It's been an odd week in Mariners' history. While the Mariners of 2014 are coasting through the wild card race, other Seattle rosters faced uncharacteristic setbacks before securing a spot in the playoffs.
August 20, 2000: Mariners suffer a historic losing streak.
It wasn't the worst losing streak for the franchise, nor was it the longest, but there hadn't been one quite like it in almost a hundred years. On August 13, the Mariners lost 10-4 to the visiting Cleveland Indians. In the six losses that followed, their pitching staff relinquished nine or more runs per game, cresting 10 runs in five of the seven contests.
The most dramatic loss of the week came during a series opener against the Detroit Tigers. Thanks to the combined efforts of Jamie Moyer and Joel Pineiro, the Tigers saw 15 runs, doing their worst damage during an eight-run fifth inning. Seattle didn't lack opportunities to catch up, driving home four of their 14 baserunners, but found themselves unable to corral Detroit's offense in the second half of the game.
By the end of the week, the club's pitching staff had racked up 77 runs, 35 walks, and 13 home runs in 60 1/3 innings. They struck out just 32 batters. In the 14 years since August 2000, no major league team has replicated seven losses with nine or more runs issued per game. Only one team has come close -- the 2002 Kansas City Royals, who managed a six-game losing streak with 73 runs, 26 walks, 13 home runs, and 45 strikeouts over 55 1/3 innings.
Despite the historic skid, the 2000 Mariners clung to a 69-55 record and first place in the American League West. By season's end, they had dropped half a game behind the Oakland A's for second place in the division, but advanced to the playoffs for the third time in five years.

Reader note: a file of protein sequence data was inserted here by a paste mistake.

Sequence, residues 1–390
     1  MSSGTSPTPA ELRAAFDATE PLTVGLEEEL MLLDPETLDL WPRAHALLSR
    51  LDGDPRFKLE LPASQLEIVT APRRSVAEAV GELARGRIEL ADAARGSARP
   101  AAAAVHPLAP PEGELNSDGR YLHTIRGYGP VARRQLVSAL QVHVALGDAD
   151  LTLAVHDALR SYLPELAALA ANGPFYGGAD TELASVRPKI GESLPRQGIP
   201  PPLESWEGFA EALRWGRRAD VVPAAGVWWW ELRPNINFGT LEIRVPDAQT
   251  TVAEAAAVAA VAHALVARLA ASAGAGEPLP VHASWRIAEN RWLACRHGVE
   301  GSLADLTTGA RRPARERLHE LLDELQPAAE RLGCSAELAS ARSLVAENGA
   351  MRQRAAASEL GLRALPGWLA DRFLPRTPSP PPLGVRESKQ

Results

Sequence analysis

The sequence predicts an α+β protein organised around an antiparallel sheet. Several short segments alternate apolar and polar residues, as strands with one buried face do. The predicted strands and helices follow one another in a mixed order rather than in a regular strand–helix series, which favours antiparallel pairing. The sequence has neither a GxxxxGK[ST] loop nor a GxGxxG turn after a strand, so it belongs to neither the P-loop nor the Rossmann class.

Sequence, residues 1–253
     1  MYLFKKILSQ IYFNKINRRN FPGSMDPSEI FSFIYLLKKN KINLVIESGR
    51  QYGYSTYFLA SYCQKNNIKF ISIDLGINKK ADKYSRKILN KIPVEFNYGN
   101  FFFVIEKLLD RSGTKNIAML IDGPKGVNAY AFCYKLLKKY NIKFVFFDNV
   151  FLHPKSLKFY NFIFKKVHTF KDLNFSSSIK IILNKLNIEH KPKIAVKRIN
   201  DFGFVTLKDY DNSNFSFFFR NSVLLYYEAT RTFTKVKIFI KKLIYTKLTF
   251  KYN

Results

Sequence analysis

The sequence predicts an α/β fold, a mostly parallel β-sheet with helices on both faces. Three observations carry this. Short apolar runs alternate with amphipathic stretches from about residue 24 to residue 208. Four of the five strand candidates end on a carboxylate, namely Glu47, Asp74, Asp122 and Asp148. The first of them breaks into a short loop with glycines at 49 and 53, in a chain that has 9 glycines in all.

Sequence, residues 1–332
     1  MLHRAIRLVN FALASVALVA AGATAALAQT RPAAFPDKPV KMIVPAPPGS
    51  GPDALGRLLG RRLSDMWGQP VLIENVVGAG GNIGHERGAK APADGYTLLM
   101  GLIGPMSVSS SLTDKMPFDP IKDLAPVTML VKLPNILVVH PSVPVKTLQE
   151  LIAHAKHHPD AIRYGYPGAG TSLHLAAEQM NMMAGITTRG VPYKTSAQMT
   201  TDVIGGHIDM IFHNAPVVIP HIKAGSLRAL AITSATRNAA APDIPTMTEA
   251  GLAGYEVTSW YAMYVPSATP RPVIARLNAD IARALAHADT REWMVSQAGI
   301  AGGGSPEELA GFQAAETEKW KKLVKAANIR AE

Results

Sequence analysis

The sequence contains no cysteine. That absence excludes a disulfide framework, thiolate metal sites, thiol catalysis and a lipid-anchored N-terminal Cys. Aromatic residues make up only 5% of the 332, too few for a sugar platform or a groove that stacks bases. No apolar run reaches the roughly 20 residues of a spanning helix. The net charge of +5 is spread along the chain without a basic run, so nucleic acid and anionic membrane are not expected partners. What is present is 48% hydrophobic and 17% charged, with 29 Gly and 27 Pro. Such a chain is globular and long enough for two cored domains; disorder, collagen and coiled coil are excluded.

August 23, 1997: Lou Piniella suffers from premature symptoms of playoff fever.
There was a time when you could get away with saying that the best "on-the-field rivalry" pitted the Mariners against the Yankees (looking at you, Steve Kelley). In 1997, Seattle had just gotten a leg up on the Anaheim Angels for division lead and was looking to secure a berth in the postseason after missing their shot the year before.
What made this particular game special wasn't its outcome, nor did it mark a significant milestone for the club. It was something far more intangible, something described only as the kind of electric atmosphere that precedes an impending postseason run.
The game lasted nearly five hours, a full-out battle between the bullpens. New York right-hander Ramiro Mendoza survived the longest, getting pulled after 5 1/3 innings and seven runs. In the Mariners' pen, reliever Paul Spoljaric went 2 1/3 innings with six strikeouts, the most by any one pitcher of the ten who took the mound that day. Combined, the Mariners and Yankees allowed 30 hits, 18 runs, 16 walks, and struck out just 26 of 113 batters.